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American Campus Protests Designed For Failure From The Outset

The protests fail to meet any of the critical historical benchmarks.

NYPD officers face protesters after detaining demonstrators and clearing an encampment set up by pro-Palestinian students and protesters on the campus of New York University (NYU) to protest the Israel-Hamas war in New York on April 22, 2024. Photo by Alex Kent/AFP via Getty Images

Non-stop media coverage of campus protests at elite universities such as Columbia, Brown, and the University of Texas has failed to provide Americans with the historical context of civil unrest to understand its meaning.

The protests spearheaded by Mahatma Gandhi and Nelson Mandela - the gold standard of civil action - transcended mere demonstrations; they were movements against those in power who held the key to their relief. These historic movements serve as a benchmark by underscoring the profound commitment and organization required for effective change.

For governments to address deeply entrenched policies like the Israel-Palestine conflict, which has confounded every American President from both parties for over 50 years, it takes a lot more than campus protests in a third country that just started last week to tilt the scale. The demonstrations appear as though they are organized, judging by the consistent tent pitching, dancing, singing, and making demands such as divestation of funds in Israel. However, the protests lack seriousness and indications that students will persist in protesting beyond their current term. There's not a single leader that we can turn to for clarification. Protests without leaders don't have staying power and will likely result in anarchy, like the BLM-inspired summer riots of 2020. So, if there is any sort of organization at all at these campuses, it is weak and ineffective.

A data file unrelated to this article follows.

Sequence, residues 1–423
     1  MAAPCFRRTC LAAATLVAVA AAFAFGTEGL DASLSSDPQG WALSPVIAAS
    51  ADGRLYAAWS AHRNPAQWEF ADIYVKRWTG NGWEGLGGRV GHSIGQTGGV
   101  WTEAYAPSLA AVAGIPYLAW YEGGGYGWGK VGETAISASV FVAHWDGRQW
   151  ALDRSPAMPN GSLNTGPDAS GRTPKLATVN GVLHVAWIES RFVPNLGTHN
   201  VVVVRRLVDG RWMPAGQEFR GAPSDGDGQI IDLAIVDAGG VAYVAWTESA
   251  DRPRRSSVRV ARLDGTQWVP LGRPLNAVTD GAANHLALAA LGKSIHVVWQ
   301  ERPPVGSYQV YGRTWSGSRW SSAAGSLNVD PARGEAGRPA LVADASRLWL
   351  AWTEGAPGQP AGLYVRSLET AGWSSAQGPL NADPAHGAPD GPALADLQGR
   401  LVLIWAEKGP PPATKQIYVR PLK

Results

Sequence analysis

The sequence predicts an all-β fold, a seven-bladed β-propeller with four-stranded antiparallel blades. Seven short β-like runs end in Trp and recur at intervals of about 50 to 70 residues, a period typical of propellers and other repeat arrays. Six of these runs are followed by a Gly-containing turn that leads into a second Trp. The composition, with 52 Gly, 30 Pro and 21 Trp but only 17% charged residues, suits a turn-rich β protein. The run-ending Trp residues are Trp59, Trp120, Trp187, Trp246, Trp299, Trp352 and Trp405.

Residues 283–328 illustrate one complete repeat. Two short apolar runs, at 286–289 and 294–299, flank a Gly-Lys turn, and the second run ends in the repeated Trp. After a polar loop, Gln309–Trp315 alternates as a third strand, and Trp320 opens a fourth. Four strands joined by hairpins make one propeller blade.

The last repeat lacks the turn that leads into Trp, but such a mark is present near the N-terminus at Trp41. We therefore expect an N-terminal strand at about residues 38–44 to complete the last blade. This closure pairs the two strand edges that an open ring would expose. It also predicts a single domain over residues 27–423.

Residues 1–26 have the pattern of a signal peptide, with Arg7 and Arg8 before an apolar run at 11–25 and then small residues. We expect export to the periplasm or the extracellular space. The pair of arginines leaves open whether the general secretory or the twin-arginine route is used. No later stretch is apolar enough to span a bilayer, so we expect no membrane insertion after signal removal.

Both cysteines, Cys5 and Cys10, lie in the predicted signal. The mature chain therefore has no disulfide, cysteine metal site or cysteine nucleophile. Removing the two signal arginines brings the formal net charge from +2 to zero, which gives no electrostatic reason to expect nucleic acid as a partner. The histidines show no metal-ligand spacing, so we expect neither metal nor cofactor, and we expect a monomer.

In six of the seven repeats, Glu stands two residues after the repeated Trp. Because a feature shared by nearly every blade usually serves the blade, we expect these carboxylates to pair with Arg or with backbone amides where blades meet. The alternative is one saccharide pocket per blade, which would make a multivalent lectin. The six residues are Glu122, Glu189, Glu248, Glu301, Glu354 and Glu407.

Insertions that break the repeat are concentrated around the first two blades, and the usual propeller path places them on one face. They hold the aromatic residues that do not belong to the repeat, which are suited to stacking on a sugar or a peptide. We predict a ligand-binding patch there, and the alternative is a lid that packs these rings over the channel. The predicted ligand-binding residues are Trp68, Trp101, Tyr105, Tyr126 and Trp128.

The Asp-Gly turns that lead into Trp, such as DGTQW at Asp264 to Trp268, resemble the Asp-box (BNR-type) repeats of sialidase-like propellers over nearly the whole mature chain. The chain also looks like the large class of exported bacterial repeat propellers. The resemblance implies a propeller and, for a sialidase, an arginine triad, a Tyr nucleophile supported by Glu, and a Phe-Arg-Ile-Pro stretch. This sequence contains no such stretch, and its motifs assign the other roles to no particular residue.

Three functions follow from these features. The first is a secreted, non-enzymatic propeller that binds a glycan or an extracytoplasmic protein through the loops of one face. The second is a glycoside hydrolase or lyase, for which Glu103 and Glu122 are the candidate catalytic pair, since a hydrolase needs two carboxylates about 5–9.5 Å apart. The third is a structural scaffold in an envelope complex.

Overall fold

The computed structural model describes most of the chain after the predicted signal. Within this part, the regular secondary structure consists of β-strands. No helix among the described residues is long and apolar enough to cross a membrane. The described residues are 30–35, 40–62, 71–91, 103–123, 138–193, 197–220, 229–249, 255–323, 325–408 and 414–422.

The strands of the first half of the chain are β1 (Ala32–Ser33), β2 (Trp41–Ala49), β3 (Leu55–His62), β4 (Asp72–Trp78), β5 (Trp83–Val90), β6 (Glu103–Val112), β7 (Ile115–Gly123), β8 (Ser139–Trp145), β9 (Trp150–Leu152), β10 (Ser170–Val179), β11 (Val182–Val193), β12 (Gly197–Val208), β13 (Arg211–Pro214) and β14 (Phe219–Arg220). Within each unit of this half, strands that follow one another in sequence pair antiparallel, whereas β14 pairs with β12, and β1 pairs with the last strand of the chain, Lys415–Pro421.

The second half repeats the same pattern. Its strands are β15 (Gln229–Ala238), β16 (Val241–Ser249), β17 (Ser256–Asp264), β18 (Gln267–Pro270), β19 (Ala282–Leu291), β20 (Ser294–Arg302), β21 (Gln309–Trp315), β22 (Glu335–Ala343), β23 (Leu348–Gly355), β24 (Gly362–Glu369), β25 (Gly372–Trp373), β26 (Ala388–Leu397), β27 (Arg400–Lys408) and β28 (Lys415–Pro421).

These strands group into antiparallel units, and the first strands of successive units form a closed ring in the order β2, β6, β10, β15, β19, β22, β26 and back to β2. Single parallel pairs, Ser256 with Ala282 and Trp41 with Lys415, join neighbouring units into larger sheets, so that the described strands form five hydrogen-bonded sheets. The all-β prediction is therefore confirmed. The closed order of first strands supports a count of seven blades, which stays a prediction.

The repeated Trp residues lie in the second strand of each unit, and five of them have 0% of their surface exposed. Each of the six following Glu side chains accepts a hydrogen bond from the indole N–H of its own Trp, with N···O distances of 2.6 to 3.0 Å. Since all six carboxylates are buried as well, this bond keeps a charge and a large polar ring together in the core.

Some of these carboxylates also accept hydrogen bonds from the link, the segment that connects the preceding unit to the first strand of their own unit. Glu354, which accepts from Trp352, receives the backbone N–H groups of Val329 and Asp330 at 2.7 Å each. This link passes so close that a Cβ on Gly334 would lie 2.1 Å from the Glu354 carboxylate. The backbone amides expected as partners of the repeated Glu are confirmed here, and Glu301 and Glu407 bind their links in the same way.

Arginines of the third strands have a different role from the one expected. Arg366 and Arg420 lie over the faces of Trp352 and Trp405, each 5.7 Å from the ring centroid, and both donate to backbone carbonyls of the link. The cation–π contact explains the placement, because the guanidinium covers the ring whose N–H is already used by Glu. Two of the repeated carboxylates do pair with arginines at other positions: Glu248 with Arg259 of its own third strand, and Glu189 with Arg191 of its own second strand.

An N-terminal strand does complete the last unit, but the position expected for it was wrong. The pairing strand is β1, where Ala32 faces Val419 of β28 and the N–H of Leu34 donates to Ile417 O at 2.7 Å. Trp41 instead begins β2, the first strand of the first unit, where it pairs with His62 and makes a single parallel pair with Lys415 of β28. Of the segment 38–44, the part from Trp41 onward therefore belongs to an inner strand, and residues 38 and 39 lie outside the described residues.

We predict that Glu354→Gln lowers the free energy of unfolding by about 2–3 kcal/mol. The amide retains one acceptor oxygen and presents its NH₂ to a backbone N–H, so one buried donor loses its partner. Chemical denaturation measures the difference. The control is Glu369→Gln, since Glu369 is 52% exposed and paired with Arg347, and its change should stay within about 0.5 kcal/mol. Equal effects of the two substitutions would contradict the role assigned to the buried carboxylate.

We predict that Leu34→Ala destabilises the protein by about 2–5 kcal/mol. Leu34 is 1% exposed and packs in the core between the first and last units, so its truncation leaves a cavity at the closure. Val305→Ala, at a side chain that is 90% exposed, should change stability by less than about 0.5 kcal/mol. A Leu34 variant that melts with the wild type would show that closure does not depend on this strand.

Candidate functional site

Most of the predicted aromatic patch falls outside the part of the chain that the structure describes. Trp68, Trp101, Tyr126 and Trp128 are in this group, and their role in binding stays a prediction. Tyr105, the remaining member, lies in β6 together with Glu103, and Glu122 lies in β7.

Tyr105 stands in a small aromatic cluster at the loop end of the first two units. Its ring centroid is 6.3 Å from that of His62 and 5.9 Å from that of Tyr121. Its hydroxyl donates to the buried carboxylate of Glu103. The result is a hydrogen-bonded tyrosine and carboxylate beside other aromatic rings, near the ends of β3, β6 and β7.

The truth is that well-organized protests, dating back to Gandhi during the Dandi March or Nelson Mandela's Defiance Campaign, involved thousands of hidden hands and minds that did the heavy lifting before a single person showed up to protest. The Gandhi and Mandela demonstrations were focused and determined and went on for decades before success materialized. In both cases, the demonstrations were targeted in the jurisdictions where the bad policy prevailed and against officials who could provide relief. The current campus protests fail to meet any of these benchmarks.

Gandhi's Salt March, The Tax Protest that Changed Indian History. Photo le

The Dandi March, also known as the Salt Satyagraha, became the gold standard of organized protest movements. Led by Mahatma Gandhi for 24 days in colonial India in March 1930, it aimed to challenge the British salt monopoly, which heavily taxed and restricted salt production and distribution in India. Gandhi's approach (long before mobile phones, TV coverage, and social media) was breathtakingly simple. He announced to his supporters in his Sabarmati Ashram (near modern Ahmedabad) that he would walk to the coastal town of Dandi (near Surat) on the Arabian Sea coast in the western Indian state of Gujarat - and make salt. 

The word spread like wildfire - and people began to join him en route in a powerful display of unity and solidarity. At each stop, Gandhi addressed crowds, highlighting the unfairness of the salt tax on poor people. It was a simple but elegant message. Who doesn't use salt? And who wants to pay a disproportionate tax on the most vital commodity?